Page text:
YES!! MARRIAGES AND RELATIONSHIPS CAN WORK
All of us are unique. Therefore, every couple is different. And so are our relationships.
There is no one-size-fits-all magic formula for “living happily ever after”. Marriage requires commitment, effort, and sacrifice. Marriage and relationships can and do work, despite the overwhelming reports of divorce or breaking up and its implications on our social and emotional well-being. The issue at stake is not the marriage or relationship. The issue is whether we as individuals have what it takes, or at least try to contribute towards developing and sustaining a meaningful partnership, making this work. And when we struggle, are we willing to seek support or guidance?
To address this issue, it poses the question; can we determine what is required to make our partnerships work? What are some key elements to a long-term, healthy partnership?
Without contradicting myself by trying to provide a magic solution, I would like to share seven of the more important elements I encounter in my own marriage and the couples I work with. This is only to challenge your own thinking about relationships.
1. PARTNERSHIP: IT’S NOT ABOUT ME OR YOU, BUT ABOUT US. OR IS IT?
I would like to describe marriage as a love-triangle; a journey whereby each partner (Jack and Jill) grows individually and together towards a closer entity or partnership. Jack and Jill are two persons in their own right investing into the triangle, their backgrounds, their hurts and strengths, their needs, their personalities and many other aspects of who they are. Both start at the bottom of the triangle and move towards the top (partnership). They do not have to make equal contributions or always move upwards at the same time. One or both may even at times move down again. But their commitment is to move upward over time. It is about pulling in the same direction, not against each other.
2. RESPECT: SELF-RESPECT AND MUTUAL RESPECT
Respect for me is about value. Can I regard myself as being my best friend, or am I constantly trying to prove myself as (more) important, being defensive or being in control? I cannot bring regard into a partnership if I do not value myself. Do I equally hold my partner in high esteem? Can I allow my partner a safe space to be herself/himself by complimenting and not criticizing at home and/or in public? And please, do not take your partner for granted.
3. COMMUNICATION: TWO EARS AND ONE MOUTH – COINCIDENCE?
When anybody, perhaps even more so my partner says “I want to talk to you” I may react by a need to defend. Yet talking is an integral part of communication. But perhaps we should turn this around. “I want to listen to you” may provoke a much better reaction. But listen to understand, not listen to react. Listening involves our hearts. Listening is the key to a happy relationship. Even when we disagree – remember different is different. Different does not mean or imply right or wrong.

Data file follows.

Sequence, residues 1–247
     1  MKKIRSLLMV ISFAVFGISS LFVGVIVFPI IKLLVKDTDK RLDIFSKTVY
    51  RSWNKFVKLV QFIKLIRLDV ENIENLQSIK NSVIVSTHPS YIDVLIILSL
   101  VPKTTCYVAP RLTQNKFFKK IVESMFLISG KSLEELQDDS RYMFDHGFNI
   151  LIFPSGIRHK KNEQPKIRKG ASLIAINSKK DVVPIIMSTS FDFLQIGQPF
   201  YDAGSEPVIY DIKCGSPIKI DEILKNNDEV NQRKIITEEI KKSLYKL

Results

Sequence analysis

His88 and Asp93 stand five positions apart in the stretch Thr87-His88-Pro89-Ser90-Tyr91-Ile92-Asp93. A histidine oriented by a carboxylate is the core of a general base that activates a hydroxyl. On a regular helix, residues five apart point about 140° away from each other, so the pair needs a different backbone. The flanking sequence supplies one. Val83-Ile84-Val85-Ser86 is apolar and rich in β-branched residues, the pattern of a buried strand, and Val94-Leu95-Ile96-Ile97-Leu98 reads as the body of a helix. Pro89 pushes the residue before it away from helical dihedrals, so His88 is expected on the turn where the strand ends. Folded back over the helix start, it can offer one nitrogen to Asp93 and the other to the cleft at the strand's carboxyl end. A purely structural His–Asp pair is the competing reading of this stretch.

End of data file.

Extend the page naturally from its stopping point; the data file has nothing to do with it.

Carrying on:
4. INTIMACY: EMOTIONAL OR PHYSICAL CONNECTION? OR BOTH?
We are biologically set up to respond to closeness and touch. But, because, in my opinion, behaviour is (almost) always based on underlying or observable emotion, our intimacy will be determined by both partners safely allowing themselves to become vulnerable; to allow and respond to physical touch. Feeling special and acknowledged in a relationship allows for more open and spontaneous reaction. But then sometimes being intimate when not in the mood is better than not being intimate at all. It adds to feeling special.
5. NO MAGIC WAND
Building relationship does not just happen. It may start off with magic. Feeling attracted to someone we perceive to be special may provide a dopamine rush. But we all know it subsides after some time. And then working at our relationship begins. It becomes a balance of give and take, a balance between having our needs met and being selfless. We will at times feel vulnerable and at other times need to be strong. A two-horse carriage is only as fast as the slowest horse. No, not the fastest one. Combining their strengths provides the best result. But if we cannot combine our strengths, I may become frustrated if I am the fast horse or desponded if I cannot keep up ….
6. GROW UP
Am I rude in stating this as a heading? I want to emphasize the importance of taking responsibility for my actions. When faced with a certain situation, I may sometimes be inclined to become defensive; make an excuse, justify, minimize or become angry or even want to avoid a certain situation. Especially if I am oversensitive in certain areas or when my partner hits the nail on the head. Taking responsibility for my actions or what I said is a sign of maturity. Conflict in a relationship is a given. Managing the conflict constructively requires patience and skill. Even if I blame my partner for 80% of the problem, I am still 100% responsible for my mere 20%
I cannot know what my partner thinks or feels. I can therefore not be responsible for not meeting unexpressed needs or expectations. Making assumptions means guessing; so, I can be wrong. Assumptions only become facts when checked. Checking means asking, but then asking to understand not to confront. Yet, on the other hand, rather be caught doing nice things for your partner than not doing anything at all.
Have I got it all figured out? Of course not. The last word on relationships still needs to be said. But we keep on keeping on. Relationships can and do work.